Wine dinner with chefs and author in Raleigh - Printable Version
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- wondersofwine - 04-09-2010 03:44 PM
Zely and Ritz restaurant hosted this dinner to honor the publication of a book by local writer Ann Prospero entitled "Chefs of the Triangle: Their Lives, Recipes and Restaurants." Sarig Agasi, chef and part owner of Zely and Ritz is one of the chefs featured in the book. Scott Howell, owner and chef of Nana's in Durham is another. Approximately 20 other chefs from Raleigh, Cary, Durham, Chapel Hill, Hillsborough and Pittsboro are included with 2-3 pages on each chef and restaurant and one or more recipes from the chef. For the dinner, we had a shared plate of appetizers, a shared first course prepared by Chef Marco Shaw who will be opening Eno Restaurant in Durham (formerly owner of Fife Restaurant in Portland, OR), second course prepared by Scott Howell of Nana's and dessert prepared by Sarig Agasi of Zely and Ritz. Many of the ingredients were from local Coon Rock Farm, owned by Richard Holcomb, a part owner of Zely and Ritz. I sat at the table with Ann Prospero, the author of the book.
Nancy Agasi selected wine pairings which were optional with the dinner. Wines could also be purchased to take home.
Reception: Whole wheat focaccia (or rosemary bread rounds) with red goat cheese, mahi mahi pastrami and olive tapenade paired with 2007 Domaines Schlumberger Pinot Gris Les Princes Abbes, Alsace, France. I haven't been very fond of Pinot Gris/Pinot Grigio in the past but Nancy has a knack for picking out ones I like. I have also enjoyed a Schlumberger Gewurztraminer which I first encountered at a dinner at Zely and Ritz. Medium gold color on the Pinot Gris, rich, pleasing flavors with a lingering soft finish. The family goes back seven generations of farming. The grapes are grown on steep terraces that are plowed by horses. Nancy and Sarig have met the daughter who is carrying on the family tradition.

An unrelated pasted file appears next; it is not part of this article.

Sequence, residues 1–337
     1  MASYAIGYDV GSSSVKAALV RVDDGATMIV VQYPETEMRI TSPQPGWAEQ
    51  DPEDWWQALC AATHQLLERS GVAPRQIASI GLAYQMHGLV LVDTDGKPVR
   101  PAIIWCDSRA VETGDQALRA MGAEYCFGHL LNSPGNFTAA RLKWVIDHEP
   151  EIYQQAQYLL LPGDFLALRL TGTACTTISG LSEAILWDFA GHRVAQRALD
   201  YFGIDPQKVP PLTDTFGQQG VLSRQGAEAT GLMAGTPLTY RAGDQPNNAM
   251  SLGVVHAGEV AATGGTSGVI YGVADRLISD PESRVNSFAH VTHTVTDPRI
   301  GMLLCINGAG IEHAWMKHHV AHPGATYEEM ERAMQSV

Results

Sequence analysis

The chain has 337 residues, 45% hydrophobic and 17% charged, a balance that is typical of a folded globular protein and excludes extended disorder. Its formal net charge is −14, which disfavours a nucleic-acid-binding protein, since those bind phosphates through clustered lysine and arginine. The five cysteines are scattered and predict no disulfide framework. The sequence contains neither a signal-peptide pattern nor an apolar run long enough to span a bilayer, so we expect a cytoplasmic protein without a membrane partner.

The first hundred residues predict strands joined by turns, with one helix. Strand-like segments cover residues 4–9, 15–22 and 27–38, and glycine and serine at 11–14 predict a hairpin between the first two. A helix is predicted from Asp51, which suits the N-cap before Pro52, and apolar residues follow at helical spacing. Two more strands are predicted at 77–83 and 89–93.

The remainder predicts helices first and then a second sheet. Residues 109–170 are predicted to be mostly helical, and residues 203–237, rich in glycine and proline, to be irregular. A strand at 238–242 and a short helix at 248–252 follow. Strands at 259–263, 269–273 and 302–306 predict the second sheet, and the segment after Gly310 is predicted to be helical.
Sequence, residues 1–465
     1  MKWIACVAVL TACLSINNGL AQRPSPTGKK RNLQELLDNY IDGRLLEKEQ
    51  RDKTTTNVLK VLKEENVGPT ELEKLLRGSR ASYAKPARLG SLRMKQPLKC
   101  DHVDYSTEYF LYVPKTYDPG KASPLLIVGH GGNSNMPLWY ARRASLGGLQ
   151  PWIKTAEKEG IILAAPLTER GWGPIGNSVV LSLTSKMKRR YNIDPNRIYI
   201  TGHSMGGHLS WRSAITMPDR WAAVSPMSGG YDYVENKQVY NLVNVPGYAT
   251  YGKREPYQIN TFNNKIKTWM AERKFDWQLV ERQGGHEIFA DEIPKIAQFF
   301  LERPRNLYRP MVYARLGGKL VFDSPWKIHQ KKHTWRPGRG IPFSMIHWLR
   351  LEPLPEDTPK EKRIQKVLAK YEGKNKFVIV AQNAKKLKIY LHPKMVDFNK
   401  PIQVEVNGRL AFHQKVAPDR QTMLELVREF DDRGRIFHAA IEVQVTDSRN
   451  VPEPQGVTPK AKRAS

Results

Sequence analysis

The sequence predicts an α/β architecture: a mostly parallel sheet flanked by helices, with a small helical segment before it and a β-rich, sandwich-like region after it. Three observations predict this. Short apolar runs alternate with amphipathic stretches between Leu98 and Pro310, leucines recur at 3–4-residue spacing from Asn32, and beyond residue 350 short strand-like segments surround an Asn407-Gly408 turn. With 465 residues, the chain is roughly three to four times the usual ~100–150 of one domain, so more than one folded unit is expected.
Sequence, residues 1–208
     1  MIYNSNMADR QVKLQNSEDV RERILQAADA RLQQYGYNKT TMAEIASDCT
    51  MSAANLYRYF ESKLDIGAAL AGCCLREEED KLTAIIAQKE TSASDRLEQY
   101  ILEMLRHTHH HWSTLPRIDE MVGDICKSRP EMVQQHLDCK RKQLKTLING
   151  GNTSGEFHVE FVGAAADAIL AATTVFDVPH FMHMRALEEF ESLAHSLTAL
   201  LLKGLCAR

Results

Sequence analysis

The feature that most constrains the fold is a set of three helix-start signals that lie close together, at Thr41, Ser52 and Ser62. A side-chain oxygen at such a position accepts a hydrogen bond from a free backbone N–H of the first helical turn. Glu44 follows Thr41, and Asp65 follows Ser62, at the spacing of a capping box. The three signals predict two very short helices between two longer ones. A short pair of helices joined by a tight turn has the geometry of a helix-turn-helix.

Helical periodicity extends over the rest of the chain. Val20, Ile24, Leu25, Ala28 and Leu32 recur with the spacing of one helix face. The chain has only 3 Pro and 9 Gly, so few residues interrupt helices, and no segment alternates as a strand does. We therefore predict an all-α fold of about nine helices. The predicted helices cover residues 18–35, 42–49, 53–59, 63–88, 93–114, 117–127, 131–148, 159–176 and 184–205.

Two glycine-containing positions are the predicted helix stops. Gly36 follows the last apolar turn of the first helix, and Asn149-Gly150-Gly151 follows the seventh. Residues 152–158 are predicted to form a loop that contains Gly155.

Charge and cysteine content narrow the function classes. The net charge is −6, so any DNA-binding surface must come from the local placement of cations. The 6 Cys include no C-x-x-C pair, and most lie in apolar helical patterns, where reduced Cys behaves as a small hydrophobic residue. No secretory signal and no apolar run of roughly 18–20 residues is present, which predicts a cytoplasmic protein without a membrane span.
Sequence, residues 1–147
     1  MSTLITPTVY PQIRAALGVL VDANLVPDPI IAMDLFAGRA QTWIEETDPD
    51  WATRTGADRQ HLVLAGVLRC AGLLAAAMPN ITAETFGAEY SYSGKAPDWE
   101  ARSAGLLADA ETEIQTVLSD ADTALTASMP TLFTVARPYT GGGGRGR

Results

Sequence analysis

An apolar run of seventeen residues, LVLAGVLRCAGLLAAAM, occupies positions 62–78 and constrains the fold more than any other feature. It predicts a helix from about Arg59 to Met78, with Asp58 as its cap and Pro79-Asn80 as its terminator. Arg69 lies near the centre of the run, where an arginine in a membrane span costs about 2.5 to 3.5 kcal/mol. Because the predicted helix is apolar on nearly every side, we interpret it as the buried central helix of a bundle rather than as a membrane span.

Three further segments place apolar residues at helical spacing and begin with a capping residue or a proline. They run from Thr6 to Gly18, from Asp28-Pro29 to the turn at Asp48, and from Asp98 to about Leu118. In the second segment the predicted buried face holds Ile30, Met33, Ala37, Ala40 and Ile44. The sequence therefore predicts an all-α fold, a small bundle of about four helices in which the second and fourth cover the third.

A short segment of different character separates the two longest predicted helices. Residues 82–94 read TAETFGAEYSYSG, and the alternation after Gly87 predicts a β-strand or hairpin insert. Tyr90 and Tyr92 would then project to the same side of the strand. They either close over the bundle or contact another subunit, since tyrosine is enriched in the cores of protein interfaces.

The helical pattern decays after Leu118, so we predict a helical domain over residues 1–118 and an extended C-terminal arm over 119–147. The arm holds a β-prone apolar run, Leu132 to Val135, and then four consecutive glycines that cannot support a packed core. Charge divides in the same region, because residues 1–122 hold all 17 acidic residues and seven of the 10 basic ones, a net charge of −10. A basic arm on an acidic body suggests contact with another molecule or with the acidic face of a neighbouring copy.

Marco Shaw provided home cured meats for the first course of Charcuterie plate: a wonderful Pate de Campagne, and very tasty fried pork rillettes (would have liked more of these), Mortadella, Bologna and Sopressata with rosemary mustard, cranberry-walnut preserve, rice crackers and a small salad of red and green lettuce in vinaigrette. This was paired with 2007 Four Graces Pinot Noir, Willamette Valley, Oregon. This wine is popping up on more than one Triangle area restaurant list. Pretty medium rose color with a floral nose and some Burgundian notes. I saved some for the next course which featured pork.
Second course from Scott Howell was Coon Rock Farm pork roast with creamy old mill polenta finished wtih Chapel Hill Creamery asiago cheese and braised cabbage with raisin sauce. Except for the polenta, it reminded me of a German of Middle European dish (Poland, Czech Republic, etc.) with the pork and cabbage. This was paired with a 2007 Tommasi Valpolicella Ripasso, Italy. I did like it paired with the Pinot Noir better. The Valpolicella was dark in color compared to the Pinot Noir. It had some definite funk or barnyard on the nose which carried over to the palate slightly. After some aeration, the funk abate somewhat but not entirely. I wondered if the barnyard odor could possibly be attributed to the drying sheds where the grapes rest in order to make a ripasso style.
Sarig Agasi's dessert included a fabulous dark chocolate mousse with dried cherries inside, a cardamom milk chocolate truffle dusted with espresso powder, and a small round of flourless Mexican chocolate cake. The mousse and truffle were the favorites at my table. These were paired with a 2005 Elyse Cabernet Sauvignon Port, Napa Valley, CA and the pairing worked. The wine had a penetrating nose and suggested to me prune, fig? and dried cherries--matching with the dried cherrries in the dark chocolate mousse. The dinner was $49 without wine and $75 with wine pairings. The prices to take home bottles of wine were $22 for the Pinot Gris (well worth it), $24 for the Pinot Noir, $26 for the Ripasso Valpolicella, and $37 for a half-bottle of the Elyse C.S. Port.
[This message has been edited by wondersofwine (edited 04-12-2010).]
- hotwine - 04-09-2010 05:14 PM
Very nice notes!
I'm no authority on the Tommasi but would suspect it's much too young. I'm still sitting on the '98 version of the same wine; yet will admit that persistent barnyard even after aeration does not bode well for further development.
I'll probably still be sitting on mine after it's faded into the sunset....